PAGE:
January 7, 2016
Dear SAHS Parent,
Earlier this week the SAHS community was hit with a tragic loss. Senior Chloe Duke and her mother were murdered in their home on Tuesday evening. This event has deeply affected many SAHS students because they knew Chloe or her family and/or because of the nature of their deaths it has brought forward many sad emotions. Many students are struggling with their grief, wonder why something so tragic like this has taken place or want to know what they can say or do to help. This situation is very unusual and I’d like to offer you some resources for assisting your student through this difficult time.
During times of crisis within a school, the Anchorage School District routinely sends additional counselors and school psychologists to the affected school to provide assistance to students and staff. This has been taking place at SAHS both yesterday and today. Students at any time are able to seek this assistance if they need it. This support will be on-going as long as we need it here at SAHS. If you are worried about your student, please contact their school counselor and we will do a “check-in” with them and you to offer any assistance or resources that we can provide.
Teenagers have a wide-range of responses to sad news, depending on how well they knew Chloe and/or her family or how many losses they have experienced in their past. The following are ways you can help your teenager cope with this information.
- Allow them to express their sadness.
- Let your teenager tell you how they feel—listen.
- Reassure them that they are safe.
- They may need to be told repeatedly they will be taken care of and that you will be there for them.
- Be patient; you may need to answer the same questions over and over.
- Understand that teenagers will move back and forth between feeling sad and wanting to return to “normal.”
- It is important to maintain routine and stability as much as possible.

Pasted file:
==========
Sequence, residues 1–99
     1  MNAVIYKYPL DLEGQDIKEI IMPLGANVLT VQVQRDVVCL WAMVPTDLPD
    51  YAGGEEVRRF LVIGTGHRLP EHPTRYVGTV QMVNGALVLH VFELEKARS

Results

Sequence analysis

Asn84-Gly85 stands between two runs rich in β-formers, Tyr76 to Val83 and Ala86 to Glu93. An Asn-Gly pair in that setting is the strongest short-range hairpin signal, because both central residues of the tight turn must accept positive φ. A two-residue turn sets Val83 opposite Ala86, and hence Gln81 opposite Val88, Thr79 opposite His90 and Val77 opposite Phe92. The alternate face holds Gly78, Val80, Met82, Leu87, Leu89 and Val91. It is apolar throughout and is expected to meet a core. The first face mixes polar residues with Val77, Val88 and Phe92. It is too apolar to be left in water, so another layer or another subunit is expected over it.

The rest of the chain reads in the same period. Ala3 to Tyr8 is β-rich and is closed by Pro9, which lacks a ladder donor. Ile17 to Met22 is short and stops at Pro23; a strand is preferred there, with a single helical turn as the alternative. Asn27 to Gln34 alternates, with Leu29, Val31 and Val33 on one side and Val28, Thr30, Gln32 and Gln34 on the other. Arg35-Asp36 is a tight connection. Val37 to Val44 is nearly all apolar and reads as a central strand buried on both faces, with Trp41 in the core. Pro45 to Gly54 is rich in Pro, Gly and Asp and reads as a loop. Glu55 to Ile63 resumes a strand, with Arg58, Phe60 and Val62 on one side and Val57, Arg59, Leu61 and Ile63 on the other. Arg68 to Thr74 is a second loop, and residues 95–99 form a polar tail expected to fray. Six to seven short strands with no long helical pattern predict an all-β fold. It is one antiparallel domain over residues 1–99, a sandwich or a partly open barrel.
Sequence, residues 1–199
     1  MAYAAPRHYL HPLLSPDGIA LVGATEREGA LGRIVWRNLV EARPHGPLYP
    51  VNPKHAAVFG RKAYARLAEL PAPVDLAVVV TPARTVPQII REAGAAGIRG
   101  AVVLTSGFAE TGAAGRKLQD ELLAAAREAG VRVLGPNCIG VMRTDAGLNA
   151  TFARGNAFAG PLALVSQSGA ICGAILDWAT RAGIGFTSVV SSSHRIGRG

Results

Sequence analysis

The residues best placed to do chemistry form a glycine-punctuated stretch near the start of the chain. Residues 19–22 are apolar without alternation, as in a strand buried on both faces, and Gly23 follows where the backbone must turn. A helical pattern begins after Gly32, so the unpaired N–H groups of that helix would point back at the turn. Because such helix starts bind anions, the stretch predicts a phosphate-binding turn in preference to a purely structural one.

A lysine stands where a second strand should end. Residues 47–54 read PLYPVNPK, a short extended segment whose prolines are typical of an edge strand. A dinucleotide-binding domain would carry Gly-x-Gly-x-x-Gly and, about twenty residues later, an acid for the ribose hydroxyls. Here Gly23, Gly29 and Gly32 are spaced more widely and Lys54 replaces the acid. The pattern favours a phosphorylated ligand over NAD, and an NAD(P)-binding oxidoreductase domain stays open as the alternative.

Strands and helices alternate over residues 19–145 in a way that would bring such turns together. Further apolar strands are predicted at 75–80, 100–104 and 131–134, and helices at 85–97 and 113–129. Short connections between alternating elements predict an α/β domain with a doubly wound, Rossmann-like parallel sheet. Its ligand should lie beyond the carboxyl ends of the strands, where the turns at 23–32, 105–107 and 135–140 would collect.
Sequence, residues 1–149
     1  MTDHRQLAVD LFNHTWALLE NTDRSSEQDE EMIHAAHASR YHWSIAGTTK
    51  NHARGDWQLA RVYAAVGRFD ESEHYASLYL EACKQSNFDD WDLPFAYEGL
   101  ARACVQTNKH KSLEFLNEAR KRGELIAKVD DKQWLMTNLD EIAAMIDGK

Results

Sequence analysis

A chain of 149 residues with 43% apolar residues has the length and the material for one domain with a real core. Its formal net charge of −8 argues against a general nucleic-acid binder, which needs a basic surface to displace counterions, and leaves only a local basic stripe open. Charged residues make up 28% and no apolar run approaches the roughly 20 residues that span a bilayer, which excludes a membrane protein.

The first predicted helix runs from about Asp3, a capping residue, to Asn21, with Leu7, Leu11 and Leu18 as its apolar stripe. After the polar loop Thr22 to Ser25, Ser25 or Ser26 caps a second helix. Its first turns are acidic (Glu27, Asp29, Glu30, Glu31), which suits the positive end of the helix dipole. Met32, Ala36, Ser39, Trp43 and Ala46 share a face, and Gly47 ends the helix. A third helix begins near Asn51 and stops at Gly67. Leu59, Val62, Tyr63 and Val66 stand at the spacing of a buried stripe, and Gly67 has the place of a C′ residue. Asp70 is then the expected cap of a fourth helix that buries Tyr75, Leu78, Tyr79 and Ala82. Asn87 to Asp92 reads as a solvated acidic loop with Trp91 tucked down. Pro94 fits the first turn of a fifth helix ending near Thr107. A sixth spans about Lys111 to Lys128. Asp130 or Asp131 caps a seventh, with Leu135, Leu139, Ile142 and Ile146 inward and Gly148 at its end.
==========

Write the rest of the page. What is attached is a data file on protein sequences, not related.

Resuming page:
- Allow your teenager to be a part of the memorial services if they would like to attend.
- Teenagers often need a way to remember their deceased classmate or friend. Allow this to happen.
- Encourage your teenager to reach out to trusted friends and adults for help.
- Make sure your teenager is getting plenty of rest.
It’s also important to remember that grief has a cycle. Teenagers will move through this cycle of grief much like adults do and sometimes go back and forth between these stages of grief. It’s also important to understand that teenagers understand the finality of death and may grieve for an extended period of time. Below I have listed a short synopsis of this grief cycle.
- Shock and Disbelief: Students can’t believe the loved one is actually deceased.
- Searching and Yearning: Students are feeling lost and out of sorts. They want things to return to the way they were and are looking for answers as to why it happened.
- Disorganization and Despair: Just when you think your student may be getting back to “normal” you may see them regress somewhat. This may manifest itself in the form of headaches, lack of sleep or appetite or disinterest in activities.
- Rebuilding and Healing: In this stage, students experience a sense of relief, renewed energy and display better judgment and stable sleeping and eating patterns.
At this time, we do not know any memorial service information for Chloe or her mother. When this becomes available we will communicate this with students who are interested in attending.
As a way to show our school support of Chloe and her family, students have asked that everyone wear blue to school on Friday, January 8th. If your student would like to participate please have them do so.
If you are concerned about your teenager at home and would like some additional assistance, please do not hesitate to contact us here at SAHS and we would be happy to help.
Dr. Kersten Johnson-Struempler